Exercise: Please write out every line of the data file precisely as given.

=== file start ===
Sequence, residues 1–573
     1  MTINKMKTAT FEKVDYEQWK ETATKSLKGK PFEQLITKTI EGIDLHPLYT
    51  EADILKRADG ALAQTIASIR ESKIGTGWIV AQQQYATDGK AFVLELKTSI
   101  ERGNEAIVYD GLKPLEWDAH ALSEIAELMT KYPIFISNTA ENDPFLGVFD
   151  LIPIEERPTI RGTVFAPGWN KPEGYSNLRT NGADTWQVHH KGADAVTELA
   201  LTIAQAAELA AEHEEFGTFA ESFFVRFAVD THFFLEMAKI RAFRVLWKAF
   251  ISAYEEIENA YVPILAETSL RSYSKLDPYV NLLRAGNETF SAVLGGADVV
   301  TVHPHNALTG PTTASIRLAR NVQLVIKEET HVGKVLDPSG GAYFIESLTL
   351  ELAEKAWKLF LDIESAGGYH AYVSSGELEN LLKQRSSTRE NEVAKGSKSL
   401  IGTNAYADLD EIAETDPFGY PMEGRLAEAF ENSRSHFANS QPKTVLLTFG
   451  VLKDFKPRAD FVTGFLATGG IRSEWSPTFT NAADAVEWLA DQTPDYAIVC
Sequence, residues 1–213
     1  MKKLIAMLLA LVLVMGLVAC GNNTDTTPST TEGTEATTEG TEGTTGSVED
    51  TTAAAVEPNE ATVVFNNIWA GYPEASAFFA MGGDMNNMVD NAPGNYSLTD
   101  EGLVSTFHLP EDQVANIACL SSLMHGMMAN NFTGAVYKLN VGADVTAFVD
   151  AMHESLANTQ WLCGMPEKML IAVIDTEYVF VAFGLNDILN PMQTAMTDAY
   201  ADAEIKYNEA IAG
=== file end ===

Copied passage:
Sequence, residues 1–573
     1  MTINKMKTAT FEKVDYEQWK ETATKSLKGK PFEQLITKTI EGIDLHPLYT
    51  EADILKRADG ALAQTIASIR ESKIGTGWIV AQQQYATDGK AFVLELKTSI
   101  ERGNEAIVYD GLKPLEWDAH ALSEIAELMT KYPIFISNTA ENDPFLGVFD
   151  LIPIEERPTI RGTVFAPGWN KPEGYSNLRT NGADTWQVHH KGADAVTELA
   201  LTIAQAAELA AEHEEFGTFA ESFFVRFAVD THFFLEMAKI RAFRVLWKAF
   251  ISAYEEIENA YVPILAETSL RSYSKLDPYV NLLRAGNETF SAVLGGADVV
   301  TVHPHNALTG PTTASIRLAR NVQLVIKEET HVGKVLDPSG GAYFIESLTL
   351  ELAEKAWKLF LDIESAGGYH AYVSSGELEN LLKQRSSTRE NEVAKGSKSL
   401  IGTNAYADLD EIAETDPFGY PMEGRLAEAF ENSRSHFANS QPKTVLLTFG
   451  VLKDFKPRAD FVTGFLATGG IRSEWSPTFT NAADAVEWLA DQTPDYAIVC
Sequence, residues 1–213
     1  MKKLIAMLLA LVLVMGLVAC GNNTDTTPST TEGTEATTEG TEGTTGSVED
    51  TTAAAVEPNE ATVVFNNIWA GYPEASAFFA MGGDMNNMVD NAPGNYSLTD
   101  EGLVSTFHLP EDQVANIACL SSLMHGMMAN NFTGAVYKLN VGADVTAFVD
   151  AMHESLANTQ WLCGMPEKML IAVIDTEYVF VAFGLNDILN PMQTAMTDAY
   201  ADAEIKYNEA IAG